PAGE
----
For my son and many other kids with special needs, this book emphasizes the need to sometimes harness certain expressions of emotions, or at least figure out different ways of expressing intense emotions like excitement. We can pretend play using this book’s story, and we can discuss Katie’s way of making friends when my son needs ideas on how to connect with a new friend.

This book is geared towards preschool and elementary ages.

This list shares just three books, but, of course, there are many more.

Like lists like this? Let me know in the comments, and I hope to include more book lists with “accessible” books for a variety of kids. What book(s) would you include in a future list?

About Caroline Flory

Caroline is a wife, homeschooling momma to two undeserved blessings (one of whom has special needs), writer, picture book fanatic, decaf coffee drinker, former public school teacher, and major library advocate. In addition to writing posts on special needs here at The Library Adventure, she blogs about family, faith, and books at Under God’s Mighty Hand. (including free printables!), contributes monthly to a couple of other sites, and loves to connect on Twitter.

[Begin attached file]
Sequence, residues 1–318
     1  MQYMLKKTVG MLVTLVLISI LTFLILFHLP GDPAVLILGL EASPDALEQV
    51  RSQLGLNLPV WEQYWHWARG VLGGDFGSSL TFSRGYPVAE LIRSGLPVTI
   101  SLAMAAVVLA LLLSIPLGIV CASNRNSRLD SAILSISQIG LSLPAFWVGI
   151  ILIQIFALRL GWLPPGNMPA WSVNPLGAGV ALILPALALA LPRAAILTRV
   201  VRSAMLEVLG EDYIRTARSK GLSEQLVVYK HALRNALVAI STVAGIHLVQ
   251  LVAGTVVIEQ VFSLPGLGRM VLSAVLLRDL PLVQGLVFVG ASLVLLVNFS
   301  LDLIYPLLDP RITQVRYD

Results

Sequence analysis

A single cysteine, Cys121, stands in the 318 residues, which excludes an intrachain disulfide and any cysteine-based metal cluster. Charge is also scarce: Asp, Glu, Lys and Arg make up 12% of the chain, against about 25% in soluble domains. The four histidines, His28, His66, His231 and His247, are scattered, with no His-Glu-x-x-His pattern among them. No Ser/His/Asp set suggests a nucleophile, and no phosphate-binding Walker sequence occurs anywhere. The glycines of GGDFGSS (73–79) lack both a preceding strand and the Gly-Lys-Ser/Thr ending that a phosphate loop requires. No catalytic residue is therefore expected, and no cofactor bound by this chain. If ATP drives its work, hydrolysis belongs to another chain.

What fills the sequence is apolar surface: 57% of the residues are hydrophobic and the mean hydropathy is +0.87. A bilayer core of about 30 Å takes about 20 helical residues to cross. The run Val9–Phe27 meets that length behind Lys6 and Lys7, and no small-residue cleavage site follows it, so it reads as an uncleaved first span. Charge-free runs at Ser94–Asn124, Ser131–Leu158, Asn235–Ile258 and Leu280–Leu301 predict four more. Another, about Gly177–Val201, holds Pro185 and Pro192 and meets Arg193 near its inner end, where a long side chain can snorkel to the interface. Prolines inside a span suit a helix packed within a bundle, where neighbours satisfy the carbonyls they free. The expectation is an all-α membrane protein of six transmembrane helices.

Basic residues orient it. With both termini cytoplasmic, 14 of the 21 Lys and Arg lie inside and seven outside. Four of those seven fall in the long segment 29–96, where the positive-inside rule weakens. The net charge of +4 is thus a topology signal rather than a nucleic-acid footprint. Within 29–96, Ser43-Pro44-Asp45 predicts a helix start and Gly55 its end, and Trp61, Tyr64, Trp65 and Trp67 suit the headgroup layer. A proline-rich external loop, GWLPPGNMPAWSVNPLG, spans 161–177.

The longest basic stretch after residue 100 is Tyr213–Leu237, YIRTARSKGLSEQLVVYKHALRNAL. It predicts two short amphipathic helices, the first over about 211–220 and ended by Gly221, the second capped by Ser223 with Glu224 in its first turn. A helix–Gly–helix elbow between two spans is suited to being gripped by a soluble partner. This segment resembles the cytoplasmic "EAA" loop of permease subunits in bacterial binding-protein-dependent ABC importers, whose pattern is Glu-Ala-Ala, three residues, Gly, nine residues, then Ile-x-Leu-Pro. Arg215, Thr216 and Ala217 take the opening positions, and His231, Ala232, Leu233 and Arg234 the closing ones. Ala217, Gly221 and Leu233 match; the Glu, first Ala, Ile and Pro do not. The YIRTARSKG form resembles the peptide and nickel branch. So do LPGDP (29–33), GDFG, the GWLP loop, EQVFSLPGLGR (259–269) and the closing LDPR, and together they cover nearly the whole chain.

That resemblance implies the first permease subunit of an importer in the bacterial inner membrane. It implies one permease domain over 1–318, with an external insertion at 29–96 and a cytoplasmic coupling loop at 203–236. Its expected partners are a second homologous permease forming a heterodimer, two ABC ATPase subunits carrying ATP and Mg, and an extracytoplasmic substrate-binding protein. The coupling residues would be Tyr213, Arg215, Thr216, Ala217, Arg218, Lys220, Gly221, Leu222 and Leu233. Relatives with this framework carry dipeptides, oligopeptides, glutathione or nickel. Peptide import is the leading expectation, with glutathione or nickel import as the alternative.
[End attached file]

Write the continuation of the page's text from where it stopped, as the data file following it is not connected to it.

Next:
1. Love this list, thank you! Ribbit is hilarious, but I’ve never read the other two books. Can’t wait to check them out! Two books I’ve recently found both send a great message – everyone is good at different things. Spoon by Amy Krauss Rosenthal and No One Saw by Raczka.

    • Ooh, thanks for the book recommendations! I’ve read several books from Amy Krouse Rosenthal, but I haven’t read “Spoon” yet! I’ve just written both those on my to-read list. Thanks for adding your suggestions!

  2. We love “Mr. Brown Can Moo” we just have the small version though. Will definitely have to look into the larger version! Pinning this to my Occupational Therapy tips board here: http://www.pinterest.com/goldenreflect/occupational-therapy-tips/
    Thanks for sharing!!

    • I didn’t even realize there WAS a longer version until I just happened to look at the paper pages version (rather than board book) at a bookstore one day. I’m so glad I did! We really enjoy the longer version of Mr. Brown Can Moo!
      Glad you found this list useful! And thanks for pinning it. 🙂

    • Thank you for pinning, Heather! 😀


  1. […] If you’re looking for some great picture book recommendations, check out these three books I’ve discussed at The Library Adventure today. These three books are especially helpful for both typical-developing children and kids with special needs. Add your book recommendations on that post, too, and I’ll do more lists like this one in the future! […]

  2. […] mentioned this book in one of my recent posts here, but this book is another good one for enticing both normal and “made-up” speech […]

  3. […] you have typical-developing children, these activities are great for preschoolers to practice budding gross motor and speech […]